Centering predictors in a regression model with only main effects has no influence on the main effects. In contrast, in a regression model including interaction terms centering predictors does have an influence on the main effects. After getting confused by this, I read this nice paper by Afshartous & Preston (2011) on the topic and played around with the examples in R. I summarize the resulting notes and code snippets in this blogpost.
Yesterday, I read ‘Measurement error and the replication crisis’ by Eric Loken and Andrew Gelman, which left me puzzled. The first part of the paper consists of general statements about measurement error. The second part consists of the claim that in the presence of measurement error, we overestimate the true effect when having a small sample size. This sounded wrong enough to ask the authors for their simulation code and spend a couple of hours to figure out what they did in their paper. I am offering a short and a long version.
Network models have become a popular way to abstract complex systems and gain insights into relational patterns among observed variables in many areas of science. The majority of these applications focuses on analyzing the structure of the network. However, if the network is not directly observed (Alice and Bob are friends) but estimated from data (there is a relation between smoking and cancer), we can analyze - in addition to the network structure - the predictability of the nodes in the network. That is, we would like to know: how well can a given node in the network predicted by all remaining nodes in the network?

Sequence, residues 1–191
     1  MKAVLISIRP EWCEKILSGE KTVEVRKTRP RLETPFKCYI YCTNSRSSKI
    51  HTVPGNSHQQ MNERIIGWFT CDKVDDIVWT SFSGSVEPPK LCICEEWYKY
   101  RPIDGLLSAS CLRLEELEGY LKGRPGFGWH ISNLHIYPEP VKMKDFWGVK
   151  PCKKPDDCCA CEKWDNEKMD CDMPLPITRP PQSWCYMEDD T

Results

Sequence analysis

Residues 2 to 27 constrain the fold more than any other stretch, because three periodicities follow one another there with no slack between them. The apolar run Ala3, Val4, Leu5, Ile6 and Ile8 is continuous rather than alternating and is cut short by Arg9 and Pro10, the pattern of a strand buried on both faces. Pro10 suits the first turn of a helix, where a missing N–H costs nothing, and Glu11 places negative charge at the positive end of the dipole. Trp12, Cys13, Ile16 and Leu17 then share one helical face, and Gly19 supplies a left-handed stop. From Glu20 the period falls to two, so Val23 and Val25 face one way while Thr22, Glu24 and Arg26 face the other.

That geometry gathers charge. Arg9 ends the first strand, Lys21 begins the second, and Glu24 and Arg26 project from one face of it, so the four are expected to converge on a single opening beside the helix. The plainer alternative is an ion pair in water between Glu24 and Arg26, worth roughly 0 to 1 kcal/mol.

In a previous post we estimated a Mixed Graphical Model (MGM) on a dataset of mixed variables describing different aspects of the life of individuals diagnosed with Autism Spectrum Disorder, using the mgm package. For interactions between continuous variables, the weighted adjacency matrix fully describes the underlying interaction parameter. Correspondinly, the parameters are represented in the graph visualization: the width of the edges is proportional to the absolute value of the parameter, and the edge color indicates the sign of the parameter. This means that we can clearly interpret an edge between two continuous variables as a positive or negative linear relationship of some strength.
Determining conditional independence relationships through undirected graphical models is a key component in the statistical analysis of complex obervational data in a wide variety of disciplines. In many situations one seeks to estimate the underlying graphical model of a dataset that includes variables of different domains.